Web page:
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Irish nutritionist outlines Easter egg top picks and the ‘surprising’ one with the lowest calories



One Irish nutritionist has outlined what to look for in your Easter egg this year for those looking to avoid any sugar crashes or going overboard.

With Easter just days away, many people may have settled on the egg they plan to tuck into this Sunday.

However, for those who want a chocolatey treat without spoiling their diet or eating habits too much, the decision may be a bit harder.

READ MORE: Good Friday and Easter weekend supermarket opening hours for Dunnes, SuperValu, Lidl, Tesco, Aldi

Luckily, Irish nutritionist Laurann O’Reilly has outlined what to look for in the “ideal” Easter egg.

The overall energy content, fat content and sugar content of an egg is a good place to start, and to compare these elements together.

Before that, though, Laurann warns that companies will try to “trick” you with their clever packaging.

She said: “If you’re reading a label, for instance, you’ll actually see that ‘per 100 grams’ or ‘per quarter egg’ and that’s where it starts to trick you out a little bit.

“People aren’t going to have a quarter of the egg. They’re gonna have the full egg so it’s very hard to work out. How much is the full egg? What is the weight of the full egg?”

As well as that, the box won’t account for the bars or sweets that come with the egg.

When trying to choose an egg, though you should consider fat and calories, Laurann recommended prioritising the lowest amount of sugar above all else.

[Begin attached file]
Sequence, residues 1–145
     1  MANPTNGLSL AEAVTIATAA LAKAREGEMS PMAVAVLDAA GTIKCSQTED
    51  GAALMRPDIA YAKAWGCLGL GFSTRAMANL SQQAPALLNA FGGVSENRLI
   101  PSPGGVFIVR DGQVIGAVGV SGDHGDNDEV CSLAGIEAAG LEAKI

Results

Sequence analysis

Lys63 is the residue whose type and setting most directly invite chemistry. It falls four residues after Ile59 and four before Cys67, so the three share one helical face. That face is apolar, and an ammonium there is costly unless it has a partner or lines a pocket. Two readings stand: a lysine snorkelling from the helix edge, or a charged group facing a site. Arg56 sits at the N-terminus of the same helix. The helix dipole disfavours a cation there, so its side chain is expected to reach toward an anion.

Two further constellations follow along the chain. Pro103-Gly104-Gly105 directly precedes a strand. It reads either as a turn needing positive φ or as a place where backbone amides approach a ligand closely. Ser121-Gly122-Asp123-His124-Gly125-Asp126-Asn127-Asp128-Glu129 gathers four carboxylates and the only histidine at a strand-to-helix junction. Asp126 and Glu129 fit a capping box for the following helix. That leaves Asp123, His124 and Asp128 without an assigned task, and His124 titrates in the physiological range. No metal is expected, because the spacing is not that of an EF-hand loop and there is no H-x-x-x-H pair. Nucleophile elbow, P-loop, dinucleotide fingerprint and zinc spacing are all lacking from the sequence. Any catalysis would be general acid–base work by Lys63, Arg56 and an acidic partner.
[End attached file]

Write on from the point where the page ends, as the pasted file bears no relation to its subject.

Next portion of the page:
Laurann conducted her own research to find out what the best option would be. To do this, she looked at just 100 grams of different eggs, and emphasized that this was “only the tip of the ice berg” when it came to the overall sugar content of each egg.

She found that the egg with the lowest calories was Mars, which she said was “surprising”, considering actual Mars Bars and their content. However, as it was only the egg, Mars was the lowest.

This being said, Mars was not the lowest in sugar. This egg had 12 teaspoons of sugar, according to Laurann’s research.

The lowest in sugar, and therefore a winning choice for Laurann, was Twix, which had 10 teaspoons per 100 grams. It was higher in fat, but if you were to prioritise sugar content, the Twix was the favourite.

The egg with the highest sugar content was the Smarties egg, which Laurann described as “disappointing”, given its popularity among young children.

The Ferrero Roche Easter egg was also one of the worst contenders, with 625 calories per 100 grams.

Laurann said: “It had 46.4 grams of fat. The highest amount of energy was the Ferrero Roche egg. The highest in fat was the Ferrero Roche egg.”

Aside from this, there are certain things to try to keep in mind when you’re having your Easter egg this weekend.

“Obviously avoid having the whole egg in one sitting. The 25 grams would be the recommended amount per day for an adult and less again for children, just to be conscious of that,” she said.

“Try to have your meal before enjoying a small portion of your egg to avoid having the whole egg and spoiling your dinner.

“Obviously, getting active over the Easter period is quite important as well to try to undo some of the damage that you might have done from having those high in fat, sugar and energy.”

Both adults and children alike should avoid a “huge amount of sugar” as it is “not good for the body and you’ll end up with huge crashes after the Easter period”.

Laurann suggests limiting yourself to one egg, and making it a good one.

“If at all possible maybe try, if you have control over the situation, to limit it to one really nice egg rather than have maybe four, five or six different types of eggs, and eat it over a longer period of time,” she said.

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